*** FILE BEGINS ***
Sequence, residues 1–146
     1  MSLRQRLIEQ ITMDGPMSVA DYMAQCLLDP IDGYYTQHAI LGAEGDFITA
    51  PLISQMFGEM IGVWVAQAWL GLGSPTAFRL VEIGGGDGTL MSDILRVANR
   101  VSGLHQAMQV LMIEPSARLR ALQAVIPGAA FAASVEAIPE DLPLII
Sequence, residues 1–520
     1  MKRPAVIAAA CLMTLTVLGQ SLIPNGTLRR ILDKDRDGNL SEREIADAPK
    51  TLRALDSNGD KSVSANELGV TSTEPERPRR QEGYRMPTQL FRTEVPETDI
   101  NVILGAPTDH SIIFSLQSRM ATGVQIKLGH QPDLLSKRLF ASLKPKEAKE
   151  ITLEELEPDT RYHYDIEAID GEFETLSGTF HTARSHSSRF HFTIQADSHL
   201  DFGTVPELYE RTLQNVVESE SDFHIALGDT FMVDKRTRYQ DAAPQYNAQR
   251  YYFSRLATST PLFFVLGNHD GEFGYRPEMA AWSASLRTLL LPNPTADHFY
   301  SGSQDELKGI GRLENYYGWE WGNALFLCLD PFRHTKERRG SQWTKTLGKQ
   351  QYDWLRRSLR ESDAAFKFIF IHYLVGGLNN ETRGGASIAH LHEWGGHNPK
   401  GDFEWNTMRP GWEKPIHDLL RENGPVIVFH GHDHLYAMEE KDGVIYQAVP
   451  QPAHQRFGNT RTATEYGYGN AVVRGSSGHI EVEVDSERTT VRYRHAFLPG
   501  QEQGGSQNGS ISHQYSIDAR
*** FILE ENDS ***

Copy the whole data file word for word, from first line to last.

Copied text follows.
Sequence, residues 1–146
     1  MSLRQRLIEQ ITMDGPMSVA DYMAQCLLDP IDGYYTQHAI LGAEGDFITA
    51  PLISQMFGEM IGVWVAQAWL GLGSPTAFRL VEIGGGDGTL MSDILRVANR
   101  VSGLHQAMQV LMIEPSARLR ALQAVIPGAA FAASVEAIPE DLPLII
Sequence, residues 1–520
     1  MKRPAVIAAA CLMTLTVLGQ SLIPNGTLRR ILDKDRDGNL SEREIADAPK
    51  TLRALDSNGD KSVSANELGV TSTEPERPRR QEGYRMPTQL FRTEVPETDI
   101  NVILGAPTDH SIIFSLQSRM ATGVQIKLGH QPDLLSKRLF ASLKPKEAKE
   151  ITLEELEPDT RYHYDIEAID GEFETLSGTF HTARSHSSRF HFTIQADSHL
   201  DFGTVPELYE RTLQNVVESE SDFHIALGDT FMVDKRTRYQ DAAPQYNAQR
   251  YYFSRLATST PLFFVLGNHD GEFGYRPEMA AWSASLRTLL LPNPTADHFY
   301  SGSQDELKGI GRLENYYGWE WGNALFLCLD PFRHTKERRG SQWTKTLGKQ
   351  QYDWLRRSLR ESDAAFKFIF IHYLVGGLNN ETRGGASIAH LHEWGGHNPK
   401  GDFEWNTMRP GWEKPIHDLL RENGPVIVFH GHDHLYAMEE KDGVIYQAVP
   451  QPAHQRFGNT RTATEYGYGN AVVRGSSGHI EVEVDSERTT VRYRHAFLPG
   501  QEQGGSQNGS ISHQYSIDAR